Inorganic Chemistry Seminar: Dr. David Goldberg, Johns Hopkins University

February 26, 2019 - 12:00 PM - 01:00 PM
Speaker: 
Dr. David Goldberg
Location: 

Carol Lynch Lecture Hall

Chemistry Complex

 

Title: Heme and Non-heme Transition Metal Complexes: Activation of O2 and NO, and the Reactivity of High-Valent M(O)/M(OH) Species

 

 

The activation of dioxygen, nitric oxide and other small molecules is critical for a wide range of life processes. Transition metals are uniquely suited to handle the challenges involved with the multielectron, multiproton transformations that are required for these processes. Metalloproteins have evolved to bind and stabilize transition metal ions in specific structural and electronic environments that are designed to facilitate these types of reactions. This presentation describes our ongoing efforts to construct small, synthetic analogs of both heme and nonheme metalloenzyme active sites, with a focus on iron and manganese chemistry. We examine the influence of both first- and second-coordination sphere elements on the structures and properties of Fe and Mn centers, concentrating on their reactivity toward O2 and NO. Questions regarding structure and function will be addressed, emphasizing the study of key, proposed bond-making and bond-breaking steps at the metal center. Heme-related systems include the development of ring-contracted porphyrinoid ligands (corroles, corrolazines) for the stabilization of high-valent metal-oxo and metal-hydroxo species (e.g. MnV(O), MnIV(OH), FeIV(O)(π-cation-radical), FeIV(OH)). These well-defined high-valent molecules mediate fundamental reactions of biological significance, including H-atom transfer (HAT), proton-coupled electron-transfer (PCET), oxygen-atom-transfer (OAT), and radical “rebound”. Nonheme-related systems include mononuclear, thiolate-ligated Fe complexes as models for sulfur-ligated Fe enzymes (thiol dioxygenases, isopenicillin N synthase, EgtB/OvoA). Some of these complexes are shown to activate O2 for selective S-oxygenation chemistry. Their spectroscopic features (Mössbauer, EPR, NMR, rR) provide benchmarks for analysis of enzyme data, and provide evidence to support a novel mechanism for cysteine dioxygenase (CDO), a mammalian thiol dioxygenase.  Recent work will also be presented on nonheme Fe complexes that activate NO for oxidation and reduction, including a mononuclear species that reduces NO to N2O as seen in nitric oxide reductases. In parallel, the fundamental rules that govern the reactivity of these systems are being determined and employed in the design of synthetic oxidation and NOx reduction catalysts.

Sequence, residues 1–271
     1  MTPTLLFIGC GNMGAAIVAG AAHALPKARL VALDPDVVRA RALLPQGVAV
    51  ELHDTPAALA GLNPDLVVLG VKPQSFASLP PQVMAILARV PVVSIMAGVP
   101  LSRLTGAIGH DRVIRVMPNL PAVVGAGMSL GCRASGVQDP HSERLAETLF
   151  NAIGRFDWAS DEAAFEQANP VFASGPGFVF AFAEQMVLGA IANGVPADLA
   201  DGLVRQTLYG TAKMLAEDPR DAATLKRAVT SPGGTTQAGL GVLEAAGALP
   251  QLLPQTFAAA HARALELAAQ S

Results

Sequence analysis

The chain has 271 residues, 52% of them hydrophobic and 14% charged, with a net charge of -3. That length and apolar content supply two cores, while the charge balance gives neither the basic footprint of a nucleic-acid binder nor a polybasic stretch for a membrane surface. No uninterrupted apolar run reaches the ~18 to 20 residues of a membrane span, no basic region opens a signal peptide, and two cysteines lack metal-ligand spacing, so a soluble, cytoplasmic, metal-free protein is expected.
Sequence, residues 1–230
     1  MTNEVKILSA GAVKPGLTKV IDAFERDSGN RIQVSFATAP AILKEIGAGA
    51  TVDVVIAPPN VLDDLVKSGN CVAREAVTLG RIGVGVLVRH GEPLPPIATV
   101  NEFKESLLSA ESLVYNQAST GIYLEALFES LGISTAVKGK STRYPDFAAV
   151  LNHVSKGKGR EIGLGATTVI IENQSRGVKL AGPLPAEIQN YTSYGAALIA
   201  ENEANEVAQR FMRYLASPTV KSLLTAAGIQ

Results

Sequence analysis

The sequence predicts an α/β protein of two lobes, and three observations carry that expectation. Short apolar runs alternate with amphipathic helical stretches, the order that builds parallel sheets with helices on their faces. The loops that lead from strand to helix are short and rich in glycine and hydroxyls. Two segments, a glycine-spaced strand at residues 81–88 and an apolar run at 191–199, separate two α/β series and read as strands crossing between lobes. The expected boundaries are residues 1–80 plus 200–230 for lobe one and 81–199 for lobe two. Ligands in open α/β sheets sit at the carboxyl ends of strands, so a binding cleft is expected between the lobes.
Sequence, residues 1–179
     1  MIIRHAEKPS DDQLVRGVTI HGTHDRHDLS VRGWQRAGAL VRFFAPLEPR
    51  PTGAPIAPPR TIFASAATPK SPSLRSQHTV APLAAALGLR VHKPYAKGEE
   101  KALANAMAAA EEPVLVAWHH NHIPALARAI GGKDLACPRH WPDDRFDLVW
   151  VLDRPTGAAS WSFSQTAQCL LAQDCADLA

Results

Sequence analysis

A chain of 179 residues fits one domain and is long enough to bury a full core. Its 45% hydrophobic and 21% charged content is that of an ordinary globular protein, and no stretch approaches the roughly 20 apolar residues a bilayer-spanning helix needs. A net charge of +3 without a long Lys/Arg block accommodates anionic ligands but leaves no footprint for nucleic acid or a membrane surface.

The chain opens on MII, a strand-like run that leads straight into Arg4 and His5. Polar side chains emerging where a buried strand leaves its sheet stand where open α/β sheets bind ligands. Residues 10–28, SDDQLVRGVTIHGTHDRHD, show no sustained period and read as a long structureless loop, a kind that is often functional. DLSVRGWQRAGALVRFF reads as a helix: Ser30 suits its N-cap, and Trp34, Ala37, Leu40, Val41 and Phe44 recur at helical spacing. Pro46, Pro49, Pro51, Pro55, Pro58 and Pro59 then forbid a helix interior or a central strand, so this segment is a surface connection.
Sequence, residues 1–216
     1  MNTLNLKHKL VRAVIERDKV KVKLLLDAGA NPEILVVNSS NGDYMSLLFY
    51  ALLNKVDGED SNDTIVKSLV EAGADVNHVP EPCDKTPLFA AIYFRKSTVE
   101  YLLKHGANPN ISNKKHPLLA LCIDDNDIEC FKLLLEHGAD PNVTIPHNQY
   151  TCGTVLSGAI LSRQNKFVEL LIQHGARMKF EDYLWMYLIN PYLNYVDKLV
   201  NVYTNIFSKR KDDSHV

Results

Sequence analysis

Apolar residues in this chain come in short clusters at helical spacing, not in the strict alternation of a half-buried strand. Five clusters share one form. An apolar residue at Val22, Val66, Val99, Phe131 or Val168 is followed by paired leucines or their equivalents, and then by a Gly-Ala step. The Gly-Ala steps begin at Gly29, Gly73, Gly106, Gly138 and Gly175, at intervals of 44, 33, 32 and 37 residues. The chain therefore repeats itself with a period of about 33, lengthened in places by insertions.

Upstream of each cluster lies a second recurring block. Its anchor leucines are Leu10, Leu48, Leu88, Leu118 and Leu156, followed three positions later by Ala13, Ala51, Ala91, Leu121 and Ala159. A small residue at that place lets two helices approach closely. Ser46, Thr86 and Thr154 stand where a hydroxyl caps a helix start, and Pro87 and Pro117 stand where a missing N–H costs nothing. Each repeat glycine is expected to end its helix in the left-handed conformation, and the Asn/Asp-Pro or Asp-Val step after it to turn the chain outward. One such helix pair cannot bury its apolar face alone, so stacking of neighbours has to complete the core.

Host: Tomson

inquires rvargas@sas.upenn.edu

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